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Getting the most out of Windows 7 deployment opportunities

Your customers may think they can handle a Windows 7 deployment with their internal IT staff, but may not have the time to handle cumbersome deployment tasks, such as application testing. Read here how you can assert your value by achieving full automation.

Being a trusted advisor sometimes means pulling customers aside for a much-maligned dose of reality.

Engaging customers about Windows 7 deployments is one example where a reality check may be required. By now, most customers recognize the value of Windows 7, even if they just understand that Windows XP is nearing end of life.

There aren’t many customers with the internal expertise and experience to understand the best practice in deploying this operating system (OS) instead of doing it in a way that causes more work. But the creative solution provider can find service opportunities on the periphery of a customer Windows 7 deployment.

While you may find that many customers claim they “have their hands around the upgrade,” and don’t need your assistance, there are a few activities in which you can assert your value. In fact, while the upgrade process may appear trivial to many customers, achieving full automation with that process can be a far more difficult pursuit.

The “fan boy” problem with Windows 7 deployments

Full automation should be every business’s goal. What’s interesting is that setting up the structures for full automation isn’t a challenging task – if you’ve done it before. If your customer hasn’t, they will need to wade through an array of documentation, blog posts and Microsoft knowledgebase articles to determine the best practice for their environment.

Even this process of traversing the learning curve is itself fraught with danger, in part because of the Internet’s (and specifically its search engines’) tendency to never forgetanything. Microsoft’s early, free tools from its website are today exceptionally well-designed. But the problem is that mature design is the natural result of fixes to its numerous previously-flawed versions. Navigating around those early flaws required a wide range of hacks, workarounds, scripts and command-line work that in most cases is no longer necessary.

I often tell my customers that deployment tools such as the Microsoft Deployment Toolkit and Windows Deployment Services suffer from a “fan boy problem” in that these tools’ aficionados were prolific in their reporting on problems online. While those fixes may have been of assistance in the past, they now serve to clutter the Internet with solutions for problems that may no longer exist.

Your Windows 7 value prop: Why time is on your side

Even with these tools’ “fan boy problem”, the reality exists that an experienced consultant can build an environment of fully-automated deployment without much effort. If you wipe away all the planning, application compatibility testing and various status meetings every customer requires, then preparing their infrastructure won’t take more than a few days.

Solution providers can’t ignore those additional steps in the process, however, and here is where a smart provider’s value proposition lies: Full automation requires more than just installing an OS. It requires application compatibility testing and packaging those applications for automated deployment (either as part of the deployment process, or externally through another deployment solution). It also requires configuring the necessary automations that ensure user state migration, via Microsoft or third-party toolkits, is successfully accomplished.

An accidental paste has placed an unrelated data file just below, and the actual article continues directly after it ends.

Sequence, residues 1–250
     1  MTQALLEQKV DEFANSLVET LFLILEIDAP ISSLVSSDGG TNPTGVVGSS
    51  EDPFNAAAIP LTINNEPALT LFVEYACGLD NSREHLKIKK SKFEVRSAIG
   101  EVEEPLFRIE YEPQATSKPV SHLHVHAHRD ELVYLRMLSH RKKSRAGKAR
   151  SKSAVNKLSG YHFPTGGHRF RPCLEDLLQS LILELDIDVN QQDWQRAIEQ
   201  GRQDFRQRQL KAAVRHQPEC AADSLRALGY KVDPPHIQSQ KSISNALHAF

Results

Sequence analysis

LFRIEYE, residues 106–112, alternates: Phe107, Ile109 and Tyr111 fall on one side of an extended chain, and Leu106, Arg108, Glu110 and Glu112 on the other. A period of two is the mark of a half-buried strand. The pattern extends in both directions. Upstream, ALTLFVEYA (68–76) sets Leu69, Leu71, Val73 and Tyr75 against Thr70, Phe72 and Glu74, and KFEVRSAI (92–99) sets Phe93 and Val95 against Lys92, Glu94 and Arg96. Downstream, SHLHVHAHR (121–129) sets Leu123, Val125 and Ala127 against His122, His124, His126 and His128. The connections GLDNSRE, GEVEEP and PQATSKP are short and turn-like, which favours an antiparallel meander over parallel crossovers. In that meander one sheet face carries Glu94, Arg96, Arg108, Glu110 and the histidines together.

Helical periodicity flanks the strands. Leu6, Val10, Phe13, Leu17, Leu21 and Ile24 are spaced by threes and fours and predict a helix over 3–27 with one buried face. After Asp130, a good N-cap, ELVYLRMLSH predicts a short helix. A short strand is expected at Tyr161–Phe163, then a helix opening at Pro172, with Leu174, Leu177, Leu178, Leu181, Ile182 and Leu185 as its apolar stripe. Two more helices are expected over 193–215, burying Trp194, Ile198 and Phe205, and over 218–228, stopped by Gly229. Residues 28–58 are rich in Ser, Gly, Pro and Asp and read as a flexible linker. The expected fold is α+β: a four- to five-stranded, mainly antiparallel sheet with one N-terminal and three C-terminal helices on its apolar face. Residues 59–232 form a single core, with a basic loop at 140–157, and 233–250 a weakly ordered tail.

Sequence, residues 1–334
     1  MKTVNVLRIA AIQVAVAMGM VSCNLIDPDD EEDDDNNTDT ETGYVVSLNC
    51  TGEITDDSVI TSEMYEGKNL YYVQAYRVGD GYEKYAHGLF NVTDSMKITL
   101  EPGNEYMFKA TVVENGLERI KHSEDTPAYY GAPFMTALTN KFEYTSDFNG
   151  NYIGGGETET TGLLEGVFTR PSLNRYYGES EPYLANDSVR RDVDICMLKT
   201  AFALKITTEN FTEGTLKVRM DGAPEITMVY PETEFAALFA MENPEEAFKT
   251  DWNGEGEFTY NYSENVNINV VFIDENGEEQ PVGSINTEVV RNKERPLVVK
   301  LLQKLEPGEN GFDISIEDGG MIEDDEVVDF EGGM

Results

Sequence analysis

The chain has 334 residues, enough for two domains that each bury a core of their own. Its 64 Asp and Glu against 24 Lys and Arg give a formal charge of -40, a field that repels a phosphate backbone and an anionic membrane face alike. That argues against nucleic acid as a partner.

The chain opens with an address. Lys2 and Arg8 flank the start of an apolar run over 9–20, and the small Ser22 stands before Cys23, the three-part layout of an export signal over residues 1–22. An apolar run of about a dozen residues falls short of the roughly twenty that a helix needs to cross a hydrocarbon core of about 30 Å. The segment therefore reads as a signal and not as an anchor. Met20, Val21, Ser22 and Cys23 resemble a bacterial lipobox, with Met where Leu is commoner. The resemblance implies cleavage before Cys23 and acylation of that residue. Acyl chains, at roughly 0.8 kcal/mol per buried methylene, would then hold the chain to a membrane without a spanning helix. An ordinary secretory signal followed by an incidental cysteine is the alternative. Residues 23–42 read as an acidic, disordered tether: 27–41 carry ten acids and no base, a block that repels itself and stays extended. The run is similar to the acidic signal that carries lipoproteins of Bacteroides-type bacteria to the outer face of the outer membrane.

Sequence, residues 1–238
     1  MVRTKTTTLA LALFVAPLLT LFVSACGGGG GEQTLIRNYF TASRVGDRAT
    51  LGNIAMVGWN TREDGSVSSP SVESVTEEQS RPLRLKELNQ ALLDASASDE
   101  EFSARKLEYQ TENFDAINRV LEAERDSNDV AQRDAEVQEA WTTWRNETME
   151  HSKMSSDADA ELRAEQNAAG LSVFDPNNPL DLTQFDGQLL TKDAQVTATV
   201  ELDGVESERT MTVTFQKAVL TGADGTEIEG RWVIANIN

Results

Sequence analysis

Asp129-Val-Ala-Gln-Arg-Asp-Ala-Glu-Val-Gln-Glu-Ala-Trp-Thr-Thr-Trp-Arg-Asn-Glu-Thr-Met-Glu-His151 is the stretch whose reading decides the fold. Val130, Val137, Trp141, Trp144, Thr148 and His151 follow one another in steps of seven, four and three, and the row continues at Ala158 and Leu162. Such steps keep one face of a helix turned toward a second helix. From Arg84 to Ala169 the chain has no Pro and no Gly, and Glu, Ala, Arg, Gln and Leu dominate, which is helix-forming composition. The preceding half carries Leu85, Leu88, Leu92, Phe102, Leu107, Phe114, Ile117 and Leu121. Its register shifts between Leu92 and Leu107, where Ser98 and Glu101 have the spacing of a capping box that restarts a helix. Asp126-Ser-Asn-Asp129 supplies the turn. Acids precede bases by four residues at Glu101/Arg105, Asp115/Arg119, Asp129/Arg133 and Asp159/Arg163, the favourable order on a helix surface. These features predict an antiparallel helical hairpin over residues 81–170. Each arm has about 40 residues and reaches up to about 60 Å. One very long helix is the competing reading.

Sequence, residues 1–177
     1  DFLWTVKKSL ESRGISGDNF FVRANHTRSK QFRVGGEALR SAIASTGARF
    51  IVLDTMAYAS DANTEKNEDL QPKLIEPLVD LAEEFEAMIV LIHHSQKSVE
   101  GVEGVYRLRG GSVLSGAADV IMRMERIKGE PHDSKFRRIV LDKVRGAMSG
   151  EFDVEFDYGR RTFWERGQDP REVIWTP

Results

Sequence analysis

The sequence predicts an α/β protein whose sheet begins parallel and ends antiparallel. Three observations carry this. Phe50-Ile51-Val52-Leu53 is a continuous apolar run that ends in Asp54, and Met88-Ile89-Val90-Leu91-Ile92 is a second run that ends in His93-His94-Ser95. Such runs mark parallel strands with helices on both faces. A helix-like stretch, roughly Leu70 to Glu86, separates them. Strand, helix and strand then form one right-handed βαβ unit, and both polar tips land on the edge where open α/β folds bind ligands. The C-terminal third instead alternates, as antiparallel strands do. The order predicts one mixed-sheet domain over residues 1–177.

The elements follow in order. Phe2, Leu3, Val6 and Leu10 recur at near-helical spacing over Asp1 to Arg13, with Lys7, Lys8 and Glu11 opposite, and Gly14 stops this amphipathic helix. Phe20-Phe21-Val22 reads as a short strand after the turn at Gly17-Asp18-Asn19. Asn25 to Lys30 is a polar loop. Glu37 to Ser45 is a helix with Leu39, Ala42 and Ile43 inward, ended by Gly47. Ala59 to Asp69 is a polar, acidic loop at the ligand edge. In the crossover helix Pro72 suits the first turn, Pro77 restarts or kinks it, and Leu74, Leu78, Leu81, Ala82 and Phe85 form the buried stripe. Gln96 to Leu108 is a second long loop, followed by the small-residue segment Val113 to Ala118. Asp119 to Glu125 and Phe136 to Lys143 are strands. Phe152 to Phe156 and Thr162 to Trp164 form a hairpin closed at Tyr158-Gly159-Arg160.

More on Windows 7 opportunities

Windows 7 deployment momentum uneven

Windows 7 migration tools and planning

Troubleshooting Windows 7 errors

Windows 7 migration options for enterprise VARs

Admittedly, none of these tasks are very technically challenging. An experienced consultant should be able to accomplish each task with the skills they’ve developed in previous engagements. Of benefit to the solution provider, however, is that these other tasks can be phenomenally time consuming. The sheer quantity of time required for compatibility testing and application packaging is often too much for most internal IT staff to handle while managing day-to-day activities. Bringing your staff in for assistance represents the value proposition you can provide while getting them off the aging Windows XP platform.

Testing one-size-fits-all Windows 7 applications

Migrations that contain these activities are also profit drivers for small-to-medium businesses (SMBs) that excel because the efforts expended with one customer can be directly transferred to the projects of another. An application, once tested for compatibility, is essentially verified for Windows 7 support across all Windows 7 instances (and, therefore, all customers). The same goes for a packaged application, which can in many ways become an element of MSP intellectual property. Stripped of specific customer information, your sales team can report to potential customers that you’ve already tested and packaged thousands of ready-to-use applications.

While many solution providers have reported strong reticence on the part of their customers in Windows 7 deployments, an argument exists that those solution providers focus too heavily on the OS deployment process. By devoting your attention instead on the deployment’s surrounding activities, you’ll find an open slate of projects just waiting for your assistance.

About the author
Greg Shields, MVP, vExpert, is a partner with Concentrated Technology. Get more of Greg's tips and tricks at www.concentratedtech.com
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This was last published in August 2011

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